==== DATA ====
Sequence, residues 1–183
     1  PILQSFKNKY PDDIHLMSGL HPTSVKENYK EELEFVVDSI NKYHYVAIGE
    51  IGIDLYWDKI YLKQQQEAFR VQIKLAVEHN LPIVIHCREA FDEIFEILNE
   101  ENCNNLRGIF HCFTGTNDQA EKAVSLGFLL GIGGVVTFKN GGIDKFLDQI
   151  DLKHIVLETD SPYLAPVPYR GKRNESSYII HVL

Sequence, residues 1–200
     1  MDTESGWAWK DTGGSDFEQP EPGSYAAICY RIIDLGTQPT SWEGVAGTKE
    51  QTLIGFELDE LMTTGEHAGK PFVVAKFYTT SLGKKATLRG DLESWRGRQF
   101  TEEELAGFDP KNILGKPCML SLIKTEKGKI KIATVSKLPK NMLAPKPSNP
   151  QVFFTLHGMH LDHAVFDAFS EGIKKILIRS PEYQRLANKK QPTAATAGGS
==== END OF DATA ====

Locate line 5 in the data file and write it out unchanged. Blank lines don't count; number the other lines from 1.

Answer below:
   151  DLKHIVLETD SPYLAPVPYR GKRNESSYII HVL